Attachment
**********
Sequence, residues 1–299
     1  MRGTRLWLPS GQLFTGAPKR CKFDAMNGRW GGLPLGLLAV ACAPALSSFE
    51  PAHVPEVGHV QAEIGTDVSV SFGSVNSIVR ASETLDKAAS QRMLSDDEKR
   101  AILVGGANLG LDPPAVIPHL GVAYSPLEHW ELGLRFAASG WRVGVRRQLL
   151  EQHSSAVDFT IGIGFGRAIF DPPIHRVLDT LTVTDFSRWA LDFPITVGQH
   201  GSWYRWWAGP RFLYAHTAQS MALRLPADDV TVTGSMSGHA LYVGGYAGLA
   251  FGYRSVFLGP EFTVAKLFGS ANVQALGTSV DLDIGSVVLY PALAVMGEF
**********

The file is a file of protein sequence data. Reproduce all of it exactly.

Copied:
Sequence, residues 1–299
     1  MRGTRLWLPS GQLFTGAPKR CKFDAMNGRW GGLPLGLLAV ACAPALSSFE
    51  PAHVPEVGHV QAEIGTDVSV SFGSVNSIVR ASETLDKAAS QRMLSDDEKR
   101  AILVGGANLG LDPPAVIPHL GVAYSPLEHW ELGLRFAASG WRVGVRRQLL
   151  EQHSSAVDFT IGIGFGRAIF DPPIHRVLDT LTVTDFSRWA LDFPITVGQH
   201  GSWYRWWAGP RFLYAHTAQS MALRLPADDV TVTGSMSGHA LYVGGYAGLA
   251  FGYRSVFLGP EFTVAKLFGS ANVQALGTSV DLDIGSVVLY PALAVMGEF